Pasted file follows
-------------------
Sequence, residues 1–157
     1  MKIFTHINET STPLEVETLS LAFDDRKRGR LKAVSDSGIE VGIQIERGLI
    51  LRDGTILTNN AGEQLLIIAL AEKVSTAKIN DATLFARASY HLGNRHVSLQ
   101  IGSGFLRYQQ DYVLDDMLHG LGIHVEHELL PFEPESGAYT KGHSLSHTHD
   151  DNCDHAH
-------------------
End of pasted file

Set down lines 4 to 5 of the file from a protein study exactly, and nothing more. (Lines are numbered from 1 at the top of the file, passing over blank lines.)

   101  IGSGFLRYQQ DYVLDDMLHG LGIHVEHELL PFEPESGAYT KGHSLSHTHD
   151  DNCDHAH